Searchable Whois is an enhanced Whois service that allows users to search on all fields (such as registrant, email address, etc) rather than just the domain name.
Such services are not mandatory under ICANN’s new gTLD rules, but applicants that said they would offer them could score an extra point in their Initial Evaluation.
In Sharp’s case, a one-point difference would not have affected the outcome of its IE. In any event, it did not score the extra point.
Sharp said it was requesting the change because it’s switching back-ends from GMO Internet to JPRS, which apparently does not or does not want to support searchable Whois.
Consolidation in the domain name industry continued last night with Neustar’s $87 million acquisition of Bombora Technologies, the holding group for ARI Registry Services and AusRegistry.
Bombora CEO Adrian Kinderis told DI that the deal makes Neustar the “biggest registry services back-end provider on the market”, as measured by the number of TLDs on its platform, which now weighs in at over 400.
Kinderis and Neustar registry VP Sean Kaine said that the acquisition — conceived as so many deals are, Kinderis joked, in a “drunken ICANN bar” — is not so much about consolidation and more about growth opportunities.
Neustar will be able to cross-sell its suite of identity, security and marketing services, which Bombora does not offer, into ARI’s 100+ TLD client base. It will also be able to pitch ARI’s consulting services to its own clients.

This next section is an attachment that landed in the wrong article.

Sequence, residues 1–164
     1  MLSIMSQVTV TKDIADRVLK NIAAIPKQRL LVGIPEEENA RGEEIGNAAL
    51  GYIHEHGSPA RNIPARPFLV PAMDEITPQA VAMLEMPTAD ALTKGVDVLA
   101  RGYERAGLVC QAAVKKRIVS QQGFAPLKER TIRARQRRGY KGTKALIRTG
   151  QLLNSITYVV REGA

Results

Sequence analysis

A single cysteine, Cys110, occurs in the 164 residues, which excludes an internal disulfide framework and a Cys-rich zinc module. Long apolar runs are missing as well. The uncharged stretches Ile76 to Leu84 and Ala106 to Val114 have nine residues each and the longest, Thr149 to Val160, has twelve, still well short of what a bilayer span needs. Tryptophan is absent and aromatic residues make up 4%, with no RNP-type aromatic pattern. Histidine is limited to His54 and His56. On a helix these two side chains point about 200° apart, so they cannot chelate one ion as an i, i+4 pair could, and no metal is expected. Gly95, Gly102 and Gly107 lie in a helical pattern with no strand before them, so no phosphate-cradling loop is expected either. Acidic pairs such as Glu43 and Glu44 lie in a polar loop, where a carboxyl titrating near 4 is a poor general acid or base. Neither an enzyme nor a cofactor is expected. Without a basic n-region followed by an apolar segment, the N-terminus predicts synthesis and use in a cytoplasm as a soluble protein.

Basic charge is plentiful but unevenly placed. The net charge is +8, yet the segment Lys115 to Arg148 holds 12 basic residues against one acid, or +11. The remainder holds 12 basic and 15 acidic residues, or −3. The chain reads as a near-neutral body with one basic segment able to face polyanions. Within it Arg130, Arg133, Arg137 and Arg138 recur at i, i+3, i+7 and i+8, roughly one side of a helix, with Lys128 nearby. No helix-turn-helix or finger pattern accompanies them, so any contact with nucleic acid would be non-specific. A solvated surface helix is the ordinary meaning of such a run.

Neustar also gets a “beachhead” in the Asia-Pacific region. While Bombora may not be a hell of a lot closer to Asia than Neustar, it’s in a much more convenient time zone.
Neustar currently faces the losing about half of its annual revenue — some $475 million — due to the loss of its contract to administer telephone number portability in North America.
That contract has been won by Ericsson, but Neustar has sued the US Federal Communications Commission in an attempt to keep it.
The Bombora acquisition won’t exactly fill the gap. The company had $20.6 million in revenue in 2014 and is expected to contribute $8 million to Neustar’s top line in 2015.
The deal is for AUD 118 million, which works out to roughly USD 87 million. Kinderis and business partner Simon Delzoppo will be the primary beneficiaries — between them they held a majority shareholding in Bombora.
The deal includes all of the company’s subsidiaries: ARI, AusRegistry and new gTLD operators such as dotShabaka.
ARI clients will notice a change of branding — the ARI and Bombora brands are to go almost immediately — but no technical changes at first.
“We’re going to continue to operate two registry systems right now,” Kaine said.
One business where there will be even less visible change is AusRegistry, which operates .au.
The AusRegistry brand is staying and .au will continue to be run in Australia, per the terms of the company’s contract with ccTLD policy overseer auDA.
“The .au contract is very important to Bombora,” Kinderis said. “If we had thought there would be any negative impact to that contract we would not have embarked on a deal.”
Kinderis, whose new job title has yet to be agreed, said he expects to take a “prominent role” in Neustar’s registry business. He said he expects to stay with the company “for a long time yet”.
“I want to see Neustar snapping at the heels of Verisign and I’d love to be able to contribute to that,” he said. “We’ve been punching above our weight and now we’re one of the heavyweights.”